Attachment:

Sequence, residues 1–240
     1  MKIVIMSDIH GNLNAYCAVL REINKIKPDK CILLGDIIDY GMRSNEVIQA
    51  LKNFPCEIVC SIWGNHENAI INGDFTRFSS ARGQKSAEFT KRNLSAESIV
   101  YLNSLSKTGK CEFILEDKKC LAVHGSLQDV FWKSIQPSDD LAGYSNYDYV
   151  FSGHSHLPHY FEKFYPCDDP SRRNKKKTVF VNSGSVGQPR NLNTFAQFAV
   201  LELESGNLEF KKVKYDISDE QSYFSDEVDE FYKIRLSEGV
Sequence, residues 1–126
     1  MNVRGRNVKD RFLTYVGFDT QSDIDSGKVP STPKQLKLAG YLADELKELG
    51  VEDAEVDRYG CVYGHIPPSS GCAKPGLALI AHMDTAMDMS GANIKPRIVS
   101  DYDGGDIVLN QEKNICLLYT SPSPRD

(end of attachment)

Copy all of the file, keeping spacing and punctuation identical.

Sequence, residues 1–240
     1  MKIVIMSDIH GNLNAYCAVL REINKIKPDK CILLGDIIDY GMRSNEVIQA
    51  LKNFPCEIVC SIWGNHENAI INGDFTRFSS ARGQKSAEFT KRNLSAESIV
   101  YLNSLSKTGK CEFILEDKKC LAVHGSLQDV FWKSIQPSDD LAGYSNYDYV
   151  FSGHSHLPHY FEKFYPCDDP SRRNKKKTVF VNSGSVGQPR NLNTFAQFAV
   201  LELESGNLEF KKVKYDISDE QSYFSDEVDE FYKIRLSEGV
Sequence, residues 1–126
     1  MNVRGRNVKD RFLTYVGFDT QSDIDSGKVP STPKQLKLAG YLADELKELG
    51  VEDAEVDRYG CVYGHIPPSS GCAKPGLALI AHMDTAMDMS GANIKPRIVS
   101  DYDGGDIVLN QEKNICLLYT SPSPRD